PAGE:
“Why do you refuse to assign things their appropriate labels. These are not two relationships, they are two idiots. C’mon, say it with me…i-d-i-o-t-s.”

“So you found Mister Right. You’re one of the lucky few that—”

“I hate it when you guys call me lucky.I’ve told you, luck had nothing to do with my marriage. I simply refused to get distracted by muscles, a pretty face or a good lay.”

“Do tell, oh Great Wise One—who guards the truth in the Realm of It’s-All-Quite-Simple. What is the secret to finding my soulmate?”

“All right, all right, that’s enough. Have you been drinking, Leo?”

“There’s that condescending motherly tone I love so much. No, Mommy Dearest, I haven’t even had my tea today. How about we just catch up on Saturday as usual. Remind the girls it’s my turn to cook.”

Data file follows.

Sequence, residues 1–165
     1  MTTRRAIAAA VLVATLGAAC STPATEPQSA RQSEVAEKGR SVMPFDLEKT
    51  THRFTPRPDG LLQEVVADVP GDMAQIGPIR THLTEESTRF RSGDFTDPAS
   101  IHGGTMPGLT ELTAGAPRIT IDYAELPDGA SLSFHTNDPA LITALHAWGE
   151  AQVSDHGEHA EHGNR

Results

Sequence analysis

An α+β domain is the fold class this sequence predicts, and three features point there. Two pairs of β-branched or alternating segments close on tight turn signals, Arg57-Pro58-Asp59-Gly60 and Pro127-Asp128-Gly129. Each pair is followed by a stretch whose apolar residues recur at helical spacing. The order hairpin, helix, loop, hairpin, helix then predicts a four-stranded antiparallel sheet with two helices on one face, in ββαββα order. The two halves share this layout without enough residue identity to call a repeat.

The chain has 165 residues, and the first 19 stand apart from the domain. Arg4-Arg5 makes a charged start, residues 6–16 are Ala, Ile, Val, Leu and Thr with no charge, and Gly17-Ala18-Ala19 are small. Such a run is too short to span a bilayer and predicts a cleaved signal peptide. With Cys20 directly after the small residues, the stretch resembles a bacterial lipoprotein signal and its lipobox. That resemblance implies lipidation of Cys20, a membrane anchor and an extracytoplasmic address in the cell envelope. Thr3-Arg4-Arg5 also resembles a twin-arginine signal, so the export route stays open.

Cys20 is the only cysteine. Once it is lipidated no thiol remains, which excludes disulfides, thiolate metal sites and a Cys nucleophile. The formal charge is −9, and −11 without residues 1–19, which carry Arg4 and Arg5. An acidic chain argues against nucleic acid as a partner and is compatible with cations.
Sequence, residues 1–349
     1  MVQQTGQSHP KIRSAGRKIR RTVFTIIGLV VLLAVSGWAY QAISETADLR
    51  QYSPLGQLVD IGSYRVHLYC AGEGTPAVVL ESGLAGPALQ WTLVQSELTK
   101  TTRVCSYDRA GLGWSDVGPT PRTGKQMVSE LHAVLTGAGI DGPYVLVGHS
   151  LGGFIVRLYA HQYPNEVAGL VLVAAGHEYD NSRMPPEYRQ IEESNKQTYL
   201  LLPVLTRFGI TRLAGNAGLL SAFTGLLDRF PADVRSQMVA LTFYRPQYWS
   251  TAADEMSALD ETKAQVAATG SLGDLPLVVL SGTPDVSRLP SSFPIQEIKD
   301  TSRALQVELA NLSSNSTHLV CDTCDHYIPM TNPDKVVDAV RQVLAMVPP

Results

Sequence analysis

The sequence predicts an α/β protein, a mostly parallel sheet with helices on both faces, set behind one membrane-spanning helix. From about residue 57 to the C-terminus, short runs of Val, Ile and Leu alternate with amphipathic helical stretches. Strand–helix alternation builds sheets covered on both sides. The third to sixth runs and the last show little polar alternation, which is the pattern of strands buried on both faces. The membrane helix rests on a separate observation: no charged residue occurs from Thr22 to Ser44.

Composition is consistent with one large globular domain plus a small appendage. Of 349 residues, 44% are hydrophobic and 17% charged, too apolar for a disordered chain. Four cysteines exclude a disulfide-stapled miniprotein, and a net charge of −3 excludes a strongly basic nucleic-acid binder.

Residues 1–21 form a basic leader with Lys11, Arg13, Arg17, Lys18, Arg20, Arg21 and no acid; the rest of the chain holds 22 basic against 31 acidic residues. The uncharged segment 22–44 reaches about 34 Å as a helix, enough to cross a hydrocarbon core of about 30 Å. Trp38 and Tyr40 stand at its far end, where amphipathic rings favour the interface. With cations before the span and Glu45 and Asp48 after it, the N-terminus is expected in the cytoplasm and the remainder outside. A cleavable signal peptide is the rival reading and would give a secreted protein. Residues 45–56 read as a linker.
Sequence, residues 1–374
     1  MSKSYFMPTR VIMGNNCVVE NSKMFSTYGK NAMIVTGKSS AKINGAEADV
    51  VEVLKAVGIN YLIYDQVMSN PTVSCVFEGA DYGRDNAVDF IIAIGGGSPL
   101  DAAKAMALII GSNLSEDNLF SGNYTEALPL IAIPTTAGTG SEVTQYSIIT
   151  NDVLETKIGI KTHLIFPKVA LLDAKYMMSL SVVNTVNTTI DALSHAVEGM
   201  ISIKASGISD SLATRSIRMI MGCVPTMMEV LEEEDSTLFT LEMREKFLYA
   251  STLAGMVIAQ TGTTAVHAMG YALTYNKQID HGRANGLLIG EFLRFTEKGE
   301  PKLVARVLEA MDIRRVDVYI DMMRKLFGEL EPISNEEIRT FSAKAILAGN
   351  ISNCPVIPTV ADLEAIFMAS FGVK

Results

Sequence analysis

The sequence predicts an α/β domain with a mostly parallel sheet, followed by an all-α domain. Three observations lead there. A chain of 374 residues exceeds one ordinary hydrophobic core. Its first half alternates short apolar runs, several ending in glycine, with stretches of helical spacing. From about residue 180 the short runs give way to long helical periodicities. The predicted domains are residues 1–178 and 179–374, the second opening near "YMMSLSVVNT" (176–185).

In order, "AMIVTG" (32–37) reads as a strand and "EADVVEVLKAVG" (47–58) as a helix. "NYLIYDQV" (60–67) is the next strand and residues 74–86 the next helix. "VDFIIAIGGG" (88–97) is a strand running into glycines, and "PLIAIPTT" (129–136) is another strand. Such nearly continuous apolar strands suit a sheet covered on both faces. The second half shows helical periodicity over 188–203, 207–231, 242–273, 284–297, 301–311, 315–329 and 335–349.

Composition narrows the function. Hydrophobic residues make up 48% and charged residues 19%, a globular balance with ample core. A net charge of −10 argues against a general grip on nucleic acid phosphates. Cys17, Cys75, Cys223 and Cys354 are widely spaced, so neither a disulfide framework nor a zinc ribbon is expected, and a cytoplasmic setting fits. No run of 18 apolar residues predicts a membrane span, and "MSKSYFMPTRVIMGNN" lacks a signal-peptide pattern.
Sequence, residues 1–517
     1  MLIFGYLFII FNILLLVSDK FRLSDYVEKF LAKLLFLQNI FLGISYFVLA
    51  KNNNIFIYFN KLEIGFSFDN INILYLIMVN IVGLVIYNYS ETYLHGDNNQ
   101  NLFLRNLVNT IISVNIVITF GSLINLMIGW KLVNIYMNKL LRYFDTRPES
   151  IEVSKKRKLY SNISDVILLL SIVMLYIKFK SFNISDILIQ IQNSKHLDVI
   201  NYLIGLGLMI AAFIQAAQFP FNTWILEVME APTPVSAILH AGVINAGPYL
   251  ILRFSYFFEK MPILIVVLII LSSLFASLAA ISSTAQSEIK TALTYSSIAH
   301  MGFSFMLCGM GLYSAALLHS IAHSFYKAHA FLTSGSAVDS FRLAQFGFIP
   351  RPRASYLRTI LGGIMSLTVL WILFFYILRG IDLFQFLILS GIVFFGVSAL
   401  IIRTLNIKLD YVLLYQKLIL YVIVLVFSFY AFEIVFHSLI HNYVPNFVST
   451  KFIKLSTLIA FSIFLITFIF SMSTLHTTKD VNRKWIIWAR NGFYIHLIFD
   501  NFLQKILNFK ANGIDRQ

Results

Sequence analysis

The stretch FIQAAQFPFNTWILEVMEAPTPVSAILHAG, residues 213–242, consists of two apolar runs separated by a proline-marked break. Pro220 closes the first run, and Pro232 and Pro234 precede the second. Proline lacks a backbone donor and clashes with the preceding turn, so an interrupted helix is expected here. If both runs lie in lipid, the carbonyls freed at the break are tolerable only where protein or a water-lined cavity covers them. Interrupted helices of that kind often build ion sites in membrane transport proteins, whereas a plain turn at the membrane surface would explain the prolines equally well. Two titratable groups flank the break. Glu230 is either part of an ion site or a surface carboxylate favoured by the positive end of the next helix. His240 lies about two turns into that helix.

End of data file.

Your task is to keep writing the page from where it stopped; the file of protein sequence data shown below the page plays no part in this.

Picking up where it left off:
“Leo, I’m sorry. I didn’t mean to—”

“Letty, I’m not mad nor am I drunk. Really. A bit cranky that I didn’t get my late-night tea. Quite bummed that things ended the way they did with Steven. Losing another pawn in The Great Dating Game has taken it’s toll tonight. I know you love me. You mean well even when your advice is pure shit. Just, promise me you’ll call the girls about Saturday at my place and let me go to bed so I can try crying into my pillow like every normal hormonal, heart-broken woman should.”

“I promise. Goodnight, Babe.”